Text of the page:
No good scenarios for Ukraine?
Click to enalrge the image. Drawing by Konstantin Maler
Debates about Ukraine’s European choice ended with riots and a sharp aggravation of confrontation. It is unclear why it was necessary to disperse supporters of the association with the EU on the Maidan. It seems like a positional game has begun with an eye on the 2015 presidential elections.
Ukrainian President Viktor Yanukovych prevented a socioeconomic collapse, which inevitably would have happened if he went on with the conditions of the European Union. Further viscous negotiations with Russia did not promise manna from heaven, but might have allowed them to stay afloat, and then later start again playing with the united Europe.
The opposition got a wonderful slogan for the whole campaign, "They stole our European future." Meanwhile, Yulia Timoshenko remains behind bars, which actually suits the current front men’s protest.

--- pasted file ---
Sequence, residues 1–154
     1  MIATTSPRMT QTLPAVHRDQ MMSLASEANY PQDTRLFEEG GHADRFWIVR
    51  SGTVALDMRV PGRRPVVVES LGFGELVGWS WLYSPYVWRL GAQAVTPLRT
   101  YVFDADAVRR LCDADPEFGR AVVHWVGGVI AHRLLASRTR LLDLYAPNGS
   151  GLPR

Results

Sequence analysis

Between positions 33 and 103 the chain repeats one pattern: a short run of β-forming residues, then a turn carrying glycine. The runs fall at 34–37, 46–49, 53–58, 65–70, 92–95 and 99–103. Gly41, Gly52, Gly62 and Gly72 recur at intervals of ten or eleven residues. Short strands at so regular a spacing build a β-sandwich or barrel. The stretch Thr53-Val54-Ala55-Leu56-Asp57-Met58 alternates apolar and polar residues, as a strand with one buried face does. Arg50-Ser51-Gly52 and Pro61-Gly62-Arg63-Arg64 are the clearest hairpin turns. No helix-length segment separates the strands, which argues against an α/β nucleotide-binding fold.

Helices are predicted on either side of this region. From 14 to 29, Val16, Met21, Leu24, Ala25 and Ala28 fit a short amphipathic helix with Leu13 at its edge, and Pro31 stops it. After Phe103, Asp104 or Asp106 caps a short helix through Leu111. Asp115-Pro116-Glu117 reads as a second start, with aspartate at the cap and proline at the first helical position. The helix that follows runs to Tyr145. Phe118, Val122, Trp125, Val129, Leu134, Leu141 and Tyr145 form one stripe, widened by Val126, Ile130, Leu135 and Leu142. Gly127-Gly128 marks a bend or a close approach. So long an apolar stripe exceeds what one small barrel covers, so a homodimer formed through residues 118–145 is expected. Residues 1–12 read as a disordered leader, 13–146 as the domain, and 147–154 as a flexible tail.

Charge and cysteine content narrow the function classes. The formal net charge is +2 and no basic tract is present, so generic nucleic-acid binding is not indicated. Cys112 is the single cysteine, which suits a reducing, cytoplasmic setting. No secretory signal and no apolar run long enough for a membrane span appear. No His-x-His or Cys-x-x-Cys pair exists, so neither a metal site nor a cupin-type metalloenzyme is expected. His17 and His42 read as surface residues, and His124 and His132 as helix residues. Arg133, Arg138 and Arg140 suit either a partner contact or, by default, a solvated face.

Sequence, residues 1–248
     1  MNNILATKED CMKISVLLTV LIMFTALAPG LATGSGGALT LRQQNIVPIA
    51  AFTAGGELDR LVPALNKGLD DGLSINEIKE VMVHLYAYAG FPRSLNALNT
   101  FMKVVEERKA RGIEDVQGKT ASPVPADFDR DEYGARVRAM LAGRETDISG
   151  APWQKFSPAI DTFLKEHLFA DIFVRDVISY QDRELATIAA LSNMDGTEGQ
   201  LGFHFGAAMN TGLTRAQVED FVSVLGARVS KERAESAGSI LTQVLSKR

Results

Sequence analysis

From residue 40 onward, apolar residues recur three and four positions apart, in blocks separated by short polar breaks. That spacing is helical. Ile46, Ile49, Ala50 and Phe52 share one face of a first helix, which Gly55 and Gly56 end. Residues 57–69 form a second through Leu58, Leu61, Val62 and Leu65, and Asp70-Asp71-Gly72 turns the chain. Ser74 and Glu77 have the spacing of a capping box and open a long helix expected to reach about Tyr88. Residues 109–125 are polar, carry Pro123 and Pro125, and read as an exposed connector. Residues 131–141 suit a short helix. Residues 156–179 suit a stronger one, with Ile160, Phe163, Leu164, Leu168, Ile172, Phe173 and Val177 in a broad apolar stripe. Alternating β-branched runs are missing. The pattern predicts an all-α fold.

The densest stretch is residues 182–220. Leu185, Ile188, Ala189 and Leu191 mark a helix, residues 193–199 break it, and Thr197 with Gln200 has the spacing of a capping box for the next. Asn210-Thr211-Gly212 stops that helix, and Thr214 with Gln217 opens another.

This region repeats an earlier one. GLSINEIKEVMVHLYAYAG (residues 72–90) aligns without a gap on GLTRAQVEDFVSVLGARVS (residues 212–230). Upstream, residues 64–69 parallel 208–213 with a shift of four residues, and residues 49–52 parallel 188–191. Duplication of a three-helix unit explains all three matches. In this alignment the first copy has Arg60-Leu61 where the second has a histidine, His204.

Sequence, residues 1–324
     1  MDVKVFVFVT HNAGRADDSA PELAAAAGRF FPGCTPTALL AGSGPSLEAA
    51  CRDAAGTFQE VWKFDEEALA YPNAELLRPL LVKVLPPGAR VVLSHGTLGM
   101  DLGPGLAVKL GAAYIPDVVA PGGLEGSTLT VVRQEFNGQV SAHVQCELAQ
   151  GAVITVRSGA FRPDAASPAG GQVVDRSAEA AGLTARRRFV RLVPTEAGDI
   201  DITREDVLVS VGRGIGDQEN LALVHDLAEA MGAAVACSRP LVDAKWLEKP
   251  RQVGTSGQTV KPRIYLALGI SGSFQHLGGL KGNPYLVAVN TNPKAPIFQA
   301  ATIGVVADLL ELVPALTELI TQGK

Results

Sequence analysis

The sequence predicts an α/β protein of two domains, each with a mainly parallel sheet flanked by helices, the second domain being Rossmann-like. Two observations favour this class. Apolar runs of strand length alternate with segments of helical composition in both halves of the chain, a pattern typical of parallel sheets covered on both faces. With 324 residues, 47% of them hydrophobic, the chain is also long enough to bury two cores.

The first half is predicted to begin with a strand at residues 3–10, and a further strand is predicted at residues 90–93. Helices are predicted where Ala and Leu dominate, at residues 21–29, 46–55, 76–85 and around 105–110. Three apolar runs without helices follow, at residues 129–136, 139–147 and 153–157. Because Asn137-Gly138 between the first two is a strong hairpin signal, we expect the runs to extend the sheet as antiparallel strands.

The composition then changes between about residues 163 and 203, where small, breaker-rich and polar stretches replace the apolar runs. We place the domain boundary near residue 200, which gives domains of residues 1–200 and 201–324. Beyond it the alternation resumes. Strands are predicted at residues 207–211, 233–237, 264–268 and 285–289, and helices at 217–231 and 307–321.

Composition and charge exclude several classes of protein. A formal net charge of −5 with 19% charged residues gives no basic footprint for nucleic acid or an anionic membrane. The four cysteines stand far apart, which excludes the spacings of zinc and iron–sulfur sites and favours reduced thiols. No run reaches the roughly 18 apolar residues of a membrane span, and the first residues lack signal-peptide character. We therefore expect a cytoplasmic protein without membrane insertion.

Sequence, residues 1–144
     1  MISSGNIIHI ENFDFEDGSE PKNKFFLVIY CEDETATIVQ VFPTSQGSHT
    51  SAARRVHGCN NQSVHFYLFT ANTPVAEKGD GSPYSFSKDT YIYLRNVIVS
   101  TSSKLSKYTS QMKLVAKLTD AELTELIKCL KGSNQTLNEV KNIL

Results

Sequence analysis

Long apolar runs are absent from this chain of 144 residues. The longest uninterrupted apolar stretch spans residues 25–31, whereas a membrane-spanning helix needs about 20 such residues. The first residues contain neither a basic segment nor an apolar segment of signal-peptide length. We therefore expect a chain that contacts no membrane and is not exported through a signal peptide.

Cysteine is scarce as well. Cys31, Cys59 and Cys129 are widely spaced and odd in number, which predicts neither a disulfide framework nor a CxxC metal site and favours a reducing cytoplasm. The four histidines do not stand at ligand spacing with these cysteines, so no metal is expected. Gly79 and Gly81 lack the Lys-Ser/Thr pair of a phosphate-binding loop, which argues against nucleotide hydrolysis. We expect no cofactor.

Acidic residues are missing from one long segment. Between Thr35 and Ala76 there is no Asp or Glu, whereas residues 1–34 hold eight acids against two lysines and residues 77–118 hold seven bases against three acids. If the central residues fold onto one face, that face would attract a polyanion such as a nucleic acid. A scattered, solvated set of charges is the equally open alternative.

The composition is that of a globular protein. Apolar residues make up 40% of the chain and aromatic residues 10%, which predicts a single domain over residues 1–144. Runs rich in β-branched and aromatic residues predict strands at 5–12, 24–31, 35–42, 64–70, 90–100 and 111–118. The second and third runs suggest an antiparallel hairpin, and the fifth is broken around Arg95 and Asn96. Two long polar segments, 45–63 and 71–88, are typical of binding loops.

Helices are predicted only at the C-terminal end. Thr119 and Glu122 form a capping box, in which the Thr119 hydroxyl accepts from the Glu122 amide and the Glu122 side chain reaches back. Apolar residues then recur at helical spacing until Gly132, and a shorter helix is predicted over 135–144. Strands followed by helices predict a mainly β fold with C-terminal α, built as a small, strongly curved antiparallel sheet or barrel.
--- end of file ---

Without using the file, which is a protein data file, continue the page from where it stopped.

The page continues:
Now moderate scenarios escape. The regime will not back down, because by doing so it will show weakness. In the ranks of the protesters radical forces are prevailing and compromise with them is impossible. The compromise is unclear because we are talking not about the association with the EU, but the power.
Infighting finds geopolitical components. The European Union is annoyed and offended by Yanukovich for the failure of the Vilnius summit, so that it is likely to hold politically and morally any force that opposes him. Even if the European choice means association with the nationalist Freedom party and its leader, Oleg Tyagnibok.
Violent suppression of protests can lead not to stabilization but just the opposite. It forces Yanukovych to seek solidarity only in Moscow. It puts Russia in a position where it will again be involved in Ukrainian politics. And in this murky swamp, we have repeatedly gotten bogged down.
One gets the sad feeling that in Ukraine there are no good scenarios. The attempt to force a country, still not aware of its national interests, to finally decide, repeatedly turns into a test of strength with increasing risk and less guarantee.
Fyodor Lukyanov is the chairman of the Council on Foreign and Defense Policy.
First published in Russian in Kommersant.